Relationships & Social Behavior
Finally, a child’s relationships with those around them and society as a whole are critical components of their well-being. This does not mean every child has to be the most sociable and outgoing, but maintaining some engagement with the people around them is important. Key indicators include:
- Familial Relationships – Relationships within the home are often children’s first experience with building attachments and developing social skills. Creating positive interactions between you, as a parent, and your children is critical for their development. You will also want to monitor how they interact with their siblings and use these relationships as an opportunity to teach interpersonal skills, such as sharing and empathy.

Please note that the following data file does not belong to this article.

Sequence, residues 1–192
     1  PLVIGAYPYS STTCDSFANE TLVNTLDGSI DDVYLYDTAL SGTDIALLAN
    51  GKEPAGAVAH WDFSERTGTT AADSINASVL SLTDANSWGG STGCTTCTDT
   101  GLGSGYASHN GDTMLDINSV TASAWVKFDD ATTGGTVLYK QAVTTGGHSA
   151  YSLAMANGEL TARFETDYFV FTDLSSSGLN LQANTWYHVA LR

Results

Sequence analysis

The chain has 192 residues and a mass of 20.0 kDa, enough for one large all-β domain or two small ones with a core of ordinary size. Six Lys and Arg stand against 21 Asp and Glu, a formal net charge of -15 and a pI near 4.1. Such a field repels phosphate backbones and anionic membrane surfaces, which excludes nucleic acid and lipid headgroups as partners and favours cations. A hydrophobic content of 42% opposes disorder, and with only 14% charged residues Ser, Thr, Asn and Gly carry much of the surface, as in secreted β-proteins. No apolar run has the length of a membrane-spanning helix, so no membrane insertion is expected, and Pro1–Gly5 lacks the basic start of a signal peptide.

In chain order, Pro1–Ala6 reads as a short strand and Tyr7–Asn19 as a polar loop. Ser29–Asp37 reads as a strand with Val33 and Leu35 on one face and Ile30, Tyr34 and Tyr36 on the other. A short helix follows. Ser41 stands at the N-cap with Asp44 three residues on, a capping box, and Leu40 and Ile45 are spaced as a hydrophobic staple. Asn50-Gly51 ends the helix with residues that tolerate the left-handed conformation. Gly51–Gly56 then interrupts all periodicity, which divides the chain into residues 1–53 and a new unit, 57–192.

- Conflict – How a child handles conflict can indicate the social skills they have developed or those they lack. For example, using violence may suggest that they have not been taught how to express frustration or hurt appropriately.
While this is by no means a fully comprehensive list of all the key indicators for a child’s well being, it is thorough. If parents are able to monitor a handful of these criteria, they will develop a deeper understanding of where their child is at developmentally and the quality of the life they are living.
Jose A. Ramos Jr., Director of Prevention
Jose A. Ramos Jr., MSW, is the Director of Primary Prevention at Children’s Bureau. He has worked with Children’s Bureau since 1994 and has over 30-years of experience working in the Child Welfare field. He has a master’s degree in social work from the University of Long Beach and is earning his MBA. Jose is also Secretary of the National Association of Social Workers.